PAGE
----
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Adventures in DNA

Every week I log in to a couple of DNA testing websites to see whether I have any new matches. Recently, a few relatives on my dad’s side of the family have tested at these sites as well. Comparing their match lists with mine allows me to speculate on how my unfamiliar matches might be related to me.

I find this particularly interesting because several of my closest matches were adopted. I would like to know how we are related. Three people come to mind:

  1. A man in Florida matches my dad at the second cousin level. This man’s mother was adopted. As far as I know, no one in previous generations of Dad’s family lived in Florida, so I have no idea where this match fits into my family tree. He does not seem too interested in helping me puzzle this out.
  2. The same goes for a match in Montana. Again, this adopted woman does not want to correspond much although I have more to offer here. My dad had several family members who settled in Montana. Perhaps this woman is related through them. But without more information from her to go on, I cannot fit her into my tree, either.
  3. The final match, the closest one, is to a woman who was adopted from a foundling home near Lincoln, Nebraska in 1930. The third match and I have corresponded several times hoping to discover her parentage and how she is related to us.

She and I have made a little progress. When my second cousin on my father’s paternal side did a DNA test, she did not match my third match. This means the Nebraska baby does not belong to the Reed side of my dad’s family. Instead, she belongs to my grandmother’s family.

The third match’s family lived in the same area around McCook that my grandmother’s family did from 1885-1954. Only problem in placing the adopted baby into my family is that we do not know who Grandma’s father was. Without this information we do not know whether the baby is related through our known Riddle line or through my unknown great-grandfather’s line.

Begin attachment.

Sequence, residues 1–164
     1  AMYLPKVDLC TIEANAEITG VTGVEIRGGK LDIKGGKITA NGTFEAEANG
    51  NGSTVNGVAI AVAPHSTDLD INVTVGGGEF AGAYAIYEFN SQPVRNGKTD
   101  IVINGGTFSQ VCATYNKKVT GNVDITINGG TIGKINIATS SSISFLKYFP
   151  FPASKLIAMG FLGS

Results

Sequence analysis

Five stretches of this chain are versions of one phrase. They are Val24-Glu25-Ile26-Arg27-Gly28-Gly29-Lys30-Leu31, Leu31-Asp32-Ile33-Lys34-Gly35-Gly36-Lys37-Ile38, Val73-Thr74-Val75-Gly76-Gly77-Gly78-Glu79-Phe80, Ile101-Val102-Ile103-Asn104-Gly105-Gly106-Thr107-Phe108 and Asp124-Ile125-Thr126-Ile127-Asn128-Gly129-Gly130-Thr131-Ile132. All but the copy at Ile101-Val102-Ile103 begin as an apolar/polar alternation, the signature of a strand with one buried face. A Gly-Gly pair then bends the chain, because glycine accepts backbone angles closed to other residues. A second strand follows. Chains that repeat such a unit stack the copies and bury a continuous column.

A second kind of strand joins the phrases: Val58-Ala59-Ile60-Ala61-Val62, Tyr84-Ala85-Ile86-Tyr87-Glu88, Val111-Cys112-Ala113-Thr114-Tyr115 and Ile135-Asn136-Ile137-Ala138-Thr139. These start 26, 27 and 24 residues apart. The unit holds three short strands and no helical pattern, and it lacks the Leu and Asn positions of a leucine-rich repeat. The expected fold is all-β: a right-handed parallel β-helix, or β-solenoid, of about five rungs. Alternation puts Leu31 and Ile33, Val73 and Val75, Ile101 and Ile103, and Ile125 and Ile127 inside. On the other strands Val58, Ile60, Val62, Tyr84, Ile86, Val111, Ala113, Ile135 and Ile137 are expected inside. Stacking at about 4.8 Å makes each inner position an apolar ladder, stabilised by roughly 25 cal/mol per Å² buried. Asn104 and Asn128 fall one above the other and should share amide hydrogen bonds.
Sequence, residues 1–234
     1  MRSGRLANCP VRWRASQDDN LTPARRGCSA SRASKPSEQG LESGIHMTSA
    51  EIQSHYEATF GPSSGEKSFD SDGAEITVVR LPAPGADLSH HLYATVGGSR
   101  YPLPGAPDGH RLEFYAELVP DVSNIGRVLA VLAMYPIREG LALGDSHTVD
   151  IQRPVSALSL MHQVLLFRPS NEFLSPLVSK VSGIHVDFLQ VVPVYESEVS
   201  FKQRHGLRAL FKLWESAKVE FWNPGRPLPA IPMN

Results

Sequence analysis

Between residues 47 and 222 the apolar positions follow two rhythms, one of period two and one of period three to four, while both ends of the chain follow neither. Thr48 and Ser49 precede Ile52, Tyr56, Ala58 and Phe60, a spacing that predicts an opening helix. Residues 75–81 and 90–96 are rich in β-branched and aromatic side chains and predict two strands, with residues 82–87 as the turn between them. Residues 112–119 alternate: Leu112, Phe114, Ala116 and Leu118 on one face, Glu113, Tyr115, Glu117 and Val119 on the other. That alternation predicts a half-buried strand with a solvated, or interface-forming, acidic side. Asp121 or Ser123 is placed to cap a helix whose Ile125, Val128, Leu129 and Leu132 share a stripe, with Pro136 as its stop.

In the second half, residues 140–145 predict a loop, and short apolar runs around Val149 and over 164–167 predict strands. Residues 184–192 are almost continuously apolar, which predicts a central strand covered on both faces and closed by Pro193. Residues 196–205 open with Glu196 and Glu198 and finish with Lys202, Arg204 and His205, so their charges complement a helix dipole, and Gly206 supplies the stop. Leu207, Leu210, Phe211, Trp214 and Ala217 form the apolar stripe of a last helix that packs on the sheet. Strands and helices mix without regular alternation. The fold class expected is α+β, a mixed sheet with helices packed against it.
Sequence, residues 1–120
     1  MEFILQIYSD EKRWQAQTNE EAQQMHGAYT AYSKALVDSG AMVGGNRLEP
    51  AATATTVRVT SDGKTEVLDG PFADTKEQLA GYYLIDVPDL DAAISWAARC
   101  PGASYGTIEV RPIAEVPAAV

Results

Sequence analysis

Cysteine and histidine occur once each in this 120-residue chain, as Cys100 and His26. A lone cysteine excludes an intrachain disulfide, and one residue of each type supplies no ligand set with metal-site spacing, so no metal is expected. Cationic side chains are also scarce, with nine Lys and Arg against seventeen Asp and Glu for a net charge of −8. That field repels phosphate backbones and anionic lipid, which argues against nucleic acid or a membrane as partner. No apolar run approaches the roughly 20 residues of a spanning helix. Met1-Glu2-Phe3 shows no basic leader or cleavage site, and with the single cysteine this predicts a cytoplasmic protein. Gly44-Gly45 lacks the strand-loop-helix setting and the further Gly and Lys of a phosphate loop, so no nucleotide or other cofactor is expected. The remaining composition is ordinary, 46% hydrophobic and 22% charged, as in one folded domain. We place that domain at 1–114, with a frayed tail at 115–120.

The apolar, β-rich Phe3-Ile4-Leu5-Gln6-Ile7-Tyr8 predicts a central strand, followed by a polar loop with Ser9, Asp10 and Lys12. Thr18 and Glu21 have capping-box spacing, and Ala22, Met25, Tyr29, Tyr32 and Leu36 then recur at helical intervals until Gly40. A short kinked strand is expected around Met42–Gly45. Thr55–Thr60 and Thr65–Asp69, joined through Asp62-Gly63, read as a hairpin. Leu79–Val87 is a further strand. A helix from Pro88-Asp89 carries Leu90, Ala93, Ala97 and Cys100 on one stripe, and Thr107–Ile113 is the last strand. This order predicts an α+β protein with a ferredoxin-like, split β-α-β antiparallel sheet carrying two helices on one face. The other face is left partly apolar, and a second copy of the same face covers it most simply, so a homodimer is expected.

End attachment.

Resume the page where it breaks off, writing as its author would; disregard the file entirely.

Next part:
The match’s birth certificate provides the clue of a surname, probably her mother’s. I do not recognize this name as anyone related to me.

Two possibilities, then, come to mind. One of the baby’s parents may have been related to my unknown Nebraska great-grandfather. In that case, of course I do not recognize the surname on the baby’s birth record. Or perhaps the baby’s father was one of my known Riddle relatives.

Without more DNA testing, I think I will not find an answer. It would help to locate a Riddle descendant to see whether my third match also matches them. Doing this will be difficult because so many of us are double cousins, and their DNA would not help in sorting this out. We need a Riddle cousin whose family did not intermarry with the Reeds.

In the meantime, I will stay in touch with my DNA cousin in Nebraska. She would really like to identify her birth family, and I am her best evidence.

Probing My DNA Results

Recently I began combing through the family trees of my DNA matches looking to see if I could determine how I am related to these people. I have several brick wall ancestors, and a DNA match offers the possibility of breaking through one.

My first success was a connection to a descendant of the Stillabower family of Indiana. I have long suspected that my great-grandmother’s mother was a Stillabower. This match provides some evidence, especially since neither the other tester nor I recognized any other surnames in common.

This week I looked through my matches again for anyone who claimed a Riddle ancestor. My second great-grandfather, John Davis Riddle (1821-1896) was born somewhere in Pennsylvania, but I know nothing of his family. If I could find a Riddle match whose family also came from Pennsylvania, it might help my own research.

As I scrolled through my matches, one person who listed Riddles in his family tree seemed like a possibility. Further investigation, however, showed that his ancestors lived in the Carolinas, not Pennsylvania. Odd, then, that we should be a DNA match.

As I looked more closely at his family tree, I realized that our genealogical match probably is not from our Riddle lines at all. He has Carter and Templeton ancestors from Tennessee, and so do I. This common heritage is much more likely to be the reason for our DNA match.

Analyzing this match made me much more aware of how difficult it is to prove relationships with DNA testing and how careful one must be. Finding a common surname does not guarantee the DNA match is on that line. My matches and I must also match a third party who also descends from the suspected common ancestor. This is called triangulation. Once this occurs, one has a proven descent.

I will keep trying. As new matches are added, I will look for the surnames of all my mystery ancestors, Stillabower, Riddle, and Sherman. I will also search for close matches I do not recognize in the hopes that one may be from the family of my unidentified great-grandfather.

Sometimes there just is no paper trail to move us back in time. DNA testing can provide answers.